“It’s all very well to say resist temptation, but it’s ever so much easier to resist it if you can’t get the key”                                                                                  Chapter 18

“Kindred spirits are not so scarce as I used to think. It’s splendid to find out there are so many of them in the world.”                                                                 Chapter 19

It will be a rare pleasure to re-read this book again when I get to the 1900s 😊

Next :  Back to Aristotle and a taste of Politics. 

120. The Old Testament. The Books of Jeremiah and Lamentations.

120. The Old Testament. The Books of Jeremiah and Lamentations.

Plot: God calls Jeremiah to be His prophet, and warns him that one of the nations from the north (Babylon or Egypt) will invade Jerusalem, and act as God’s agent to bring His judgment on the people of Israel and Judah, to punish his chosen people as they still do not act as He has decreed, paying only lip service to His words, and persisting in wrongdoing and the worship of other gods and false idols. Jeremiah repeatedly warns the King, the priests and false prophets, but his words are ignored, the written warnings burnt, and finally Jeremiah is imprisoned.  Jerusalem will be destroyed, and those who are not slain, or killed by famine or pestilence will be enslaved by the invaders. But later generations of those taken away will be restored to the Promised Land and a new Covenant made with them, and Babylon will fall in its turn. The Book of Jeremiah ends with the actual sack of Jerusalem, the death of King Zedekiah, and the enslavement of the peoples of Judah as prophesised.

Lamentations, originally believed to be authored by Jeremiah hence its placement, poetically expresses the grief and suffering from the destruction of Jerusalem. In particular, the first chapter which personifies the city as a woman whose lovers and children have been killed or taken captive, and the sufferings of the prophet (?) in the third chapter, are quite moving.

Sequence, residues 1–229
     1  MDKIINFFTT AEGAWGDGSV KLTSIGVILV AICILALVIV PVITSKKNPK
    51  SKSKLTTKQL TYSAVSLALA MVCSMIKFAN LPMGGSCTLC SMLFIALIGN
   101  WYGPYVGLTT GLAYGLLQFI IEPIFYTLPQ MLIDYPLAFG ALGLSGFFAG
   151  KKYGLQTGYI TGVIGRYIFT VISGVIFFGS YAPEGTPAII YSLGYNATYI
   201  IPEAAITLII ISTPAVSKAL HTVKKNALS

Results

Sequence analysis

Reading from the Authorised King James Version (Collins, 1934)

My thoughts: The Book of Jeremiah seems more historically grounded than Isaiah, with dates based on the years of reign of the kings of Judah.

Again, God uses Babylon (as he did Egypt in Moses’ day) to punish the Israelites, then in turn wreaks havoc on these peoples who carried out his wishes, indeed the desolation prophesised for Babylon seems a hundredfold more violent than that which destroys Jerusalem and Judah.

His anger and threats to both the Israelites and the Babylonians recorded in these  chapters must have provided much fodder for the sermons of old-school hellfire preachers.

Favourite lines/passages:
“Gird up thy loins, and arise…” Jeremiah 1:17
“thou art near in their mouth, and far from their reins” Jeremiah 12:5
“…they shall be an execration, and an astonishment, and a curse and a reproach” Jeremiah 44:12
(I’ll try to remember that the next time another driver cuts in front of me. “YOU BLOODY ASTONISHMENT!!!” I’ll cry at them and wave my fist)

Personal rating: Too much repetition of the central theme. A modern publisher would edit it heavily, which would be a blessing or a curse depending on your religious viewpoint. A 3.

The sanity in between: The Last Kingdom, Bernard Cornwell’s first volume in the series, and a long standing resident of my TBR shelves. Perhaps not as great as his Sharpe books, but I am sucker for a good series and this will provide some painless history lessons amongst the battles and intrigues. Also my monthly hit of obscure Wodehouse – Big Money sees two impoverished young English gentlemen resolve their individual problems of true love and financial happiness with the usual Wodehousian complications. I was too busy chortling (that seems the most apt verb) to take down any quotes. Two very different but excellent reads.

Next : Some of the speeches of Demosthenes (384-322 BC)

119.   Poetics by Aristotle (c.350 BC)

119. Poetics by Aristotle (c.350 BC)

Plot:  Aristotle turns to literature and notes down his thoughts on the nature and principles of tragedy and epic.

My edition is part of the Penguin anthology Classical Literary Criticism translated by T. S. Dorsch (ISBN 0140441557) which also includes Longinus and Horace (but more of them later)

My thoughts: The next read on the blog was supposed to be Aristotle’s Metaphysics but I just couldn’t get past the first chapter, partly from the fact I was simultaneously making my way through a fantasy novel thick enough to choke a horse, and secondly my inherent dread of anything with the words ‘metaphysical’ or ‘postmodernist’ in the title. So instead I switched to his Poetics. I could also get my hands on a Penguin edition of this one (I had been severely missing their introductions and notes to help me wade through the mire)